Over the past few days, student teams have been making steady progress, and more discoveries. One of the most important regards the clarification of the function and date of the brick-filled trench discovered in 2010, and which we have been exploring this year. A total of five bricks marked with the "J. GONZALEZ" imprint were ultimately found in the section of the trench opened this year, confirming that the bricks were 19th-century in age, and probably associated with the nearby ruins of Molino Mills (1866-1884), currently under investigation by UWF graduate student Joe Grinnan (see below). Today, the central lower section of this trench was excavated into the layer which produced paired rows of nails last year, and which resulted in the same pattern this year (picture above, showing nails in place). Evidence continues to build that this trench represents the remains of what was variously called a "board drain" or "underdrain" during the 19th century, through which water flowed through a square or triangular board-lined channel buried in a narrow trench at the bottom of a wider trench filled with stones or similar rubble.
Until recently, however, we could find no particular reason for this board drain, but last Friday we were surprised to find that the substantial subsurface disturbance associated with a large depression on the surface of the ground was most likely a well upslope at the head of this drain feature. As can be seen in the picture to the left, we cored the soil in this rectangular pit down to a depth of nearly a meter, finding what appears to be layers of water-lain sand at this depth. Whether this pit was an open well, or surrounded an as-yet undiscovered pipe driven to make an artesian well, we now suspect that the well and the drain feature were both constructed as part of the 19th-century sawmill operation downslope at the site, perhaps bringing water for the operation of the steam engine.
In this connection, last week also saw two days of fieldwork by students from the UWF maritime archaeological field school, under the supervision of Joe Grinnan (pictured at right explaining ongoing fieldwork to our terrestrial students at Molino). Two teams mapped both underwater and terrestrial remnants of the pilings and trough features associated with the 19th-century Molino Mills sawmill operation along the Escambia River. We were excited to see ongoing work relating to a second research project at this same location in Molino, especially since it underlined the importance of this landform throughout human history in this region. Details about the fieldwork can be found on the weekly video blog of the UWF Maritime Field School, entitled "Bend in the River: The Molino Mills Project" on YouTube (which includes some video shots of our terrestrial student crews at work).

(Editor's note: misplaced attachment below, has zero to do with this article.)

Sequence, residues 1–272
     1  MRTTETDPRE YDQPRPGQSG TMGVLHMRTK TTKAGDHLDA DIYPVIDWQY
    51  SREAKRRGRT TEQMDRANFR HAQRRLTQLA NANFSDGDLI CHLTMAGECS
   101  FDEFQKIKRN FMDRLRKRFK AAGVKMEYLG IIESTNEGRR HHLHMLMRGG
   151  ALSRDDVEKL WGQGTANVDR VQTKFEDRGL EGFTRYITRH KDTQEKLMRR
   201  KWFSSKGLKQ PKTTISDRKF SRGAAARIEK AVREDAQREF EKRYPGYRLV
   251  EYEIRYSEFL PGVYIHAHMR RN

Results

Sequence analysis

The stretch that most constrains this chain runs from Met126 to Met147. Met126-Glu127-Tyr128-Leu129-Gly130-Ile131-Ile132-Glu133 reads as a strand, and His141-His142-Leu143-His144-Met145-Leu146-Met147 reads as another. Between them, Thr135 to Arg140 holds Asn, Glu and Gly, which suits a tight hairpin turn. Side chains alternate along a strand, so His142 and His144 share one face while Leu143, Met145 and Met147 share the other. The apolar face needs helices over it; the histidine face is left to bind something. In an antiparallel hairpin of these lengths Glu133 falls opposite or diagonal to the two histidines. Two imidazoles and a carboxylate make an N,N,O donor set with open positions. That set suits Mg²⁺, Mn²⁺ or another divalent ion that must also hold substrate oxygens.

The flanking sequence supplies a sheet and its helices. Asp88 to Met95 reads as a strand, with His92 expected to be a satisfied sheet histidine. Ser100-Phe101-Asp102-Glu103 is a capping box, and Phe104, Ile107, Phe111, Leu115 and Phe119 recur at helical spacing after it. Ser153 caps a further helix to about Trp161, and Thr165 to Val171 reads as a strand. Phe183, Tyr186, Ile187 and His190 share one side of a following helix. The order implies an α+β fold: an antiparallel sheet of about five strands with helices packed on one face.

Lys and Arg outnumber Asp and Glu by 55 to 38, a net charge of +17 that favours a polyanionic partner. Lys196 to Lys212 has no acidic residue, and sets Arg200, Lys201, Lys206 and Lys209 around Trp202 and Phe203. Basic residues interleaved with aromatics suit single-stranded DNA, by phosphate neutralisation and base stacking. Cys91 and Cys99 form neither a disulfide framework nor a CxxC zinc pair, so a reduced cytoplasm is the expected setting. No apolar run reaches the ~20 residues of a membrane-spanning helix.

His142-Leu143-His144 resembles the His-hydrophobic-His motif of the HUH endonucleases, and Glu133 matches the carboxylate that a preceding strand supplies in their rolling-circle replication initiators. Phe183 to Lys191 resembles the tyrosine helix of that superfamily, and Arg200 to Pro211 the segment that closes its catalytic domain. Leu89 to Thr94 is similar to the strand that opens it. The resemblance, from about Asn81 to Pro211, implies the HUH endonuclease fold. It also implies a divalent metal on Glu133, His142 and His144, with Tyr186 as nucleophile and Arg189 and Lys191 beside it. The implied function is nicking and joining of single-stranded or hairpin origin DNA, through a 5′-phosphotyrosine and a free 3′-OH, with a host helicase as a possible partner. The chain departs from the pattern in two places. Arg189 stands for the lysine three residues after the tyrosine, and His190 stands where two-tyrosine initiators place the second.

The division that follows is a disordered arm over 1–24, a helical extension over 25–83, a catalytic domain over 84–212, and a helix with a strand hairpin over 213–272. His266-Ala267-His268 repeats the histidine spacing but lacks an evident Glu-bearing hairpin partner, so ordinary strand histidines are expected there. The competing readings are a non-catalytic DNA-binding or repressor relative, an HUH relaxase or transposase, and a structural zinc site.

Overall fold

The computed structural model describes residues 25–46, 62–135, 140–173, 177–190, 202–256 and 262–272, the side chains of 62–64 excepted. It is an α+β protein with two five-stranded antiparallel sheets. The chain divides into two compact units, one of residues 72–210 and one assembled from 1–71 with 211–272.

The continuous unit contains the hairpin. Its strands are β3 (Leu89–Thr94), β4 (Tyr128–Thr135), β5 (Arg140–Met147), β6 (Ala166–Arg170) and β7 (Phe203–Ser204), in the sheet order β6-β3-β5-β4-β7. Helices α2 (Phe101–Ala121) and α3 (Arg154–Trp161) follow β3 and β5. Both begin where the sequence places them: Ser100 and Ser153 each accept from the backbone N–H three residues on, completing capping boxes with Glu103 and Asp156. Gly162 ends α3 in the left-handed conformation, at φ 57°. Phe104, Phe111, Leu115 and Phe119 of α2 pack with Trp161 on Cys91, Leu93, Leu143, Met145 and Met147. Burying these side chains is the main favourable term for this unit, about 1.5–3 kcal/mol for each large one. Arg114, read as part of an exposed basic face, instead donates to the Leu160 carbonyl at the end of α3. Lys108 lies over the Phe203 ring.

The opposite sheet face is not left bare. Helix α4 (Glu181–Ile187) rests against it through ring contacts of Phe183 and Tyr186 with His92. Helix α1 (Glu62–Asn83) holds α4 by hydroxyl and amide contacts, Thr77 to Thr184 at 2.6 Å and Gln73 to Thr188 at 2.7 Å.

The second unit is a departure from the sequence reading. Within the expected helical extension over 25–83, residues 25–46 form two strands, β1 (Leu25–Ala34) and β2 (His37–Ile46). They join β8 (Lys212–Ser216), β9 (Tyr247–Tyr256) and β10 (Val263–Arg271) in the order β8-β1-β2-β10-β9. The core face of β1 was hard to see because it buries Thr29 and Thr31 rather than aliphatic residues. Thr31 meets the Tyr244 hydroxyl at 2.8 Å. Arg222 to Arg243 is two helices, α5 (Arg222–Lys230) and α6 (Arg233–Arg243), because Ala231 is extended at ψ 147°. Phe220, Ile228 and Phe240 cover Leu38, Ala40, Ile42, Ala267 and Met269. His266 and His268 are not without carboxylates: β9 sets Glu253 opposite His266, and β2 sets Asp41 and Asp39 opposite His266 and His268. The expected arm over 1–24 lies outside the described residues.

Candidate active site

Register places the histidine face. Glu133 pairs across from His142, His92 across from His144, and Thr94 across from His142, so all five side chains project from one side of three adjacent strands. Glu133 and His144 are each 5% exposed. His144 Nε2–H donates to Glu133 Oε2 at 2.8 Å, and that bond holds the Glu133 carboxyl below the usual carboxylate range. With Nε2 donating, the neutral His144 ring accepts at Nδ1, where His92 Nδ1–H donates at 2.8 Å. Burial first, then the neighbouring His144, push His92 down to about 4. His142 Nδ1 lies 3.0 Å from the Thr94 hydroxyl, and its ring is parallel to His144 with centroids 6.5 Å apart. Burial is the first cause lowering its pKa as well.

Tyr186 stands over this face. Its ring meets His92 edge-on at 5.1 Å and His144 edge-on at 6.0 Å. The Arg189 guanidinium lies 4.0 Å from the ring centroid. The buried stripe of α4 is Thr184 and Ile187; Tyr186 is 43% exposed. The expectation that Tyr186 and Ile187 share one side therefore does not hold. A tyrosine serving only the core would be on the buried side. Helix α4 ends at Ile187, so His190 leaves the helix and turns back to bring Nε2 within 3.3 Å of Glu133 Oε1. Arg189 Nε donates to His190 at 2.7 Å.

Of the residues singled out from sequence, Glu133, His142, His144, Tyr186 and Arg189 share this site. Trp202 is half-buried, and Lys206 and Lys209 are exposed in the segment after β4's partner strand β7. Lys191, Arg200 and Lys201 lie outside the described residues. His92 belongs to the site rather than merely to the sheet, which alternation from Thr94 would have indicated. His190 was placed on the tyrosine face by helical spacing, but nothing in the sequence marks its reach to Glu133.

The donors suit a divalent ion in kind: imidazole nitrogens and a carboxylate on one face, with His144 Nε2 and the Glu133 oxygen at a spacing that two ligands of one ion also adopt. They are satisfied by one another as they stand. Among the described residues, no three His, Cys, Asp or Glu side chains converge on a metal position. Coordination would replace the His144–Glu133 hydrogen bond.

Ongoing excavations in the 18th-century mission-period deposits at Escambe are revealing more enticing clues as to the structures and activity areas at the site. To left is the cleaned surface of an orange-yellow clay cap layer bounded to the north and south by gray clay and underlying midden, exposed over the past few days. This clay layer corresponds well to a similar deposit just east of this trench excavated in 2009 and 2010, under which were the traces of overlapping wall trenches from at least three mission-era buildings. We hope further excavation here will provide important evidence for the size and configuration of these structures, and how (if at all) they relate to the final clay cap layers.
Other areas of the excavation are providing some surprises, including the discovery of a posthole filled with more than a dozen sherds of Apalachee pottery, possibly discarded there when the post was pulled up and backfilled (see picture to right, with three sherds still in place). Many of these sherds belong to the same vessel, though there are several others as well.
Below are additional shots from the site during the past few days.
Above, Norma Harris and Michelle Pigott practice their shovel-toss (note perfectly formed shovelful of dirt caught leaving Norma's shovel).
Above, an unusual glass necklace bead discovered today, probably an 18th-century "melon bead."
A view of the same bead backlit with sunlight, showing its translucent cobalt blue color.
Colin Bean with his Area B mascot, "Bert the Beetle" (who made a brief appearance this morning before returning to his normal life).